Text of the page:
Pretreatment with the Aq.E.PN significantly (P < 0.01) protected the myocardium from the toxic effects of Dox by reducing the elevated level of biomarker and diagnostic enzymes like LDH, CPK, AST and ALT to the normal levels. Aq.E PN increased the GSH, SOD and CAT levels and decreased the MDA levels in cardiac tissue. Administration of Dox caused cardiomyopathy associated with an antioxidant deficiency.
These results suggest a cardioprotective effect of P. niruri due to its antioxidant properties.
Phyllanthus niruri; antioxidant; cardiotoxicity; doxorubicin
Doxorubicin (DOX) is a widely used antitumor drug, but its application is limited due to its cardiotoxic side effects. Hsp20 has been recently shown to protect cardiomyocytes against apoptosis, induced by ischemia/reperfusion injury or by prolonged β-agonist stimulation. However, it is not clear whether Hsp20 would exert similar protective effects against DOX-induced cardiac injury. Actually, DOX-treatment was associated with down-regulation of Hsp20 in the heart. To elucidate the role of Hsp20 in DOX-triggered cardiac toxicity, Hsp20 was first overexpressed ex vivo by adenovirus-mediated gene delivery. Increased Hsp20 levels conferred higher resistance to DOX-induced cell death, compared to GFP-control. Furthermore, cardiac-specific overexpression of Hsp20 in vivo significantly ameliorated acute DOX-triggered cardiomyocyte apoptosis and animal mortality. Hsp20-transgenic mice also showed improved cardiac function and prolonged survival after chronic administration of DOX. The mechanisms underlying these beneficial effects were associated with preserved Akt phosphorylation/activity and attenuation of DOX-induced oxidative stress. Co-immunoprecipitation studies revealed an interaction between Hsp20 and phosphorylated Akt. Accordingly, BAD phosphorylation was preserved and cleaved caspase-3 was decreased in DOX-treated Hsp20-TG hearts, consistent with the Hsp20's anti-apoptotic effects. Parallel ex vivo experiments showed that either infection with a dominant-negative Akt adenovirus or pre-incubation of cardiomyocytes with the PI3-kinase inhibitors significantly attenuated the protective effects of Hsp20. Taken together, our findings indicate that overexpression of Hsp20 inhibits DOX-triggered cardiac injury, and these beneficial effects appear to be dependent on Akt activation. Thus, Hsp20 may constitute a new therapeutic target in ameliorating the cardiotoxic effects of DOX-treatment in cancer patients.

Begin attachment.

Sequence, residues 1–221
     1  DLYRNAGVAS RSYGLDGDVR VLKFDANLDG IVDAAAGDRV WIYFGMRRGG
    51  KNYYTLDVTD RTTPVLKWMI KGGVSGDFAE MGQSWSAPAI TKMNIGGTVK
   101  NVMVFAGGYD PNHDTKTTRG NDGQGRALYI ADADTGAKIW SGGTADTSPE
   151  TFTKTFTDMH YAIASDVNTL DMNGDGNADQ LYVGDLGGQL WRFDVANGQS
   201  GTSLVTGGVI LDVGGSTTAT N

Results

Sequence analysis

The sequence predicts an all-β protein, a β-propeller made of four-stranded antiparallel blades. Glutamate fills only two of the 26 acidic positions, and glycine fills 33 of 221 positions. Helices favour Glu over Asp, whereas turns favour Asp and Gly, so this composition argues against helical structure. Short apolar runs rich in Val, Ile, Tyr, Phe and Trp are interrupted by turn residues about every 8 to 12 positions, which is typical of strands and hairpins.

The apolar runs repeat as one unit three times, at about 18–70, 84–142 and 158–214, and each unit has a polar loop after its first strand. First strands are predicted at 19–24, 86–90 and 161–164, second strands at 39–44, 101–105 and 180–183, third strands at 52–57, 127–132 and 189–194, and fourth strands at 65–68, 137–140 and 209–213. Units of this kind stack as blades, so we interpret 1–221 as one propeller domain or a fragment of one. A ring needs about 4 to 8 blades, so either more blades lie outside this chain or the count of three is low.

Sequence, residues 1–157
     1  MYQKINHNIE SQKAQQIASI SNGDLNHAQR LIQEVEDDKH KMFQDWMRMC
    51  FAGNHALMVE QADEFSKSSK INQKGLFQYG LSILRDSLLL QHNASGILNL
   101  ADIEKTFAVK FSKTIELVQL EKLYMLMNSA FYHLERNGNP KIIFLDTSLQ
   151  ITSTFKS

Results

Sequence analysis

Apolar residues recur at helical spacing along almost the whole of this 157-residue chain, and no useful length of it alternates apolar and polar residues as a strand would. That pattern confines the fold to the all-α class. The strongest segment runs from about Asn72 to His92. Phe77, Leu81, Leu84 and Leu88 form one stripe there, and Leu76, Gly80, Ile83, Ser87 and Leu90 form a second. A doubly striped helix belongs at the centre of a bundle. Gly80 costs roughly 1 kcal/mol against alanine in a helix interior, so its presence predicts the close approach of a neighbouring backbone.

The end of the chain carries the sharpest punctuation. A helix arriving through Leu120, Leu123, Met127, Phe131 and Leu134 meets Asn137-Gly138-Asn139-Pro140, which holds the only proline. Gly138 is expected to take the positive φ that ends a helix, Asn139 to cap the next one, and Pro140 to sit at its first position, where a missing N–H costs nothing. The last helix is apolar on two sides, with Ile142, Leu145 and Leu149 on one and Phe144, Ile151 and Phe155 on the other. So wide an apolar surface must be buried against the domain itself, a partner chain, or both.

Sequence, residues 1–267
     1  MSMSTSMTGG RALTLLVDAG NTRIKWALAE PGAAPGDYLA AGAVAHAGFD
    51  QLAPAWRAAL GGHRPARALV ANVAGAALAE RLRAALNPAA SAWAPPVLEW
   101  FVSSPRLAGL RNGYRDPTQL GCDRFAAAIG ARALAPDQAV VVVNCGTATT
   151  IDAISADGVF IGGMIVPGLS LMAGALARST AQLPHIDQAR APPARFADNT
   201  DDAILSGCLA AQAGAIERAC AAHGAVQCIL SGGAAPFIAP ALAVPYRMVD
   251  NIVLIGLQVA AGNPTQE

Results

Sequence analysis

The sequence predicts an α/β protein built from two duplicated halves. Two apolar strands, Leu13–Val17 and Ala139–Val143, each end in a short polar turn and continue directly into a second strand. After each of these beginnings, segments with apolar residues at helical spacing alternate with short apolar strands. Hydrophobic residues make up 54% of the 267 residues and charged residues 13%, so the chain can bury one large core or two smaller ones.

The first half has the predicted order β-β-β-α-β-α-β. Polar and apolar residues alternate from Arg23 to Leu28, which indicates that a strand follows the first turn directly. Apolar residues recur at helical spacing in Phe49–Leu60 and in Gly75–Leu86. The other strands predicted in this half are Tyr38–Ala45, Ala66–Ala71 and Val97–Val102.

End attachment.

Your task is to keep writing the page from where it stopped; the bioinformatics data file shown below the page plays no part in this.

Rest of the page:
apoptosis; cardiomyopathy; doxorubicin; heat-shock protein; Akt
While doxorubicin (DOX) is widely used in cancer chemotherapy, long-term severe cardiotoxicity limits its use. This is the first report of the chemoprotective efficacy of a relatively new thiol antioxidant, N-acetylcysteine amide (NACA), on DOX-induced cell death in cardiomyocytes. We hypothesized that NACA would protect H9c2 cardiomyocytes from DOX-induced toxicity by reducing oxidative stress. Accordingly, we determined the ability of NACA to mitigate the cytotoxicity of DOX in H9c2 cells and correlated these effects with the production of indicators of oxidative stress.
DOX at 5 μM induced cardiotoxicity while 1) increasing the generation of reactive oxygen species (ROS), 2) decreasing levels and activities of antioxidants and antioxidant enzymes (catalase, glutathione peroxidase, glutathione reductase) and 3) increasing lipid peroxidation. NACA at 750 μM substantially reduced the levels of ROS and lipid peroxidation, as well as increased both GSH level and GSH/GSSG ratio. However, treating H9c2 cells with NACA did little to protect H9c2 cells from DOX-induced cell death.
Although NACA effectively reduced oxidative stress in DOX-treated H9c2 cells, it had minimal effects on DOX-induced cell death. NACA prevented oxidative stress by elevation of GSH and CYS, reduction of ROS and lipid peroxidation, and restoration of antioxidant enzyme activities. Further studies to identify oxidative stress-independent pathways that lead to DOX-induced cell death in H9c2 are warranted.